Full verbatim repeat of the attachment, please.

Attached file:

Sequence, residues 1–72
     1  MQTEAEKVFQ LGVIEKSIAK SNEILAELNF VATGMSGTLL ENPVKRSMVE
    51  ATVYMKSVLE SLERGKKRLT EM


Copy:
Sequence, residues 1–72
     1  MQTEAEKVFQ LGVIEKSIAK SNEILAELNF VATGMSGTLL ENPVKRSMVE
    51  ATVYMKSVLE SLERGKKRLT EM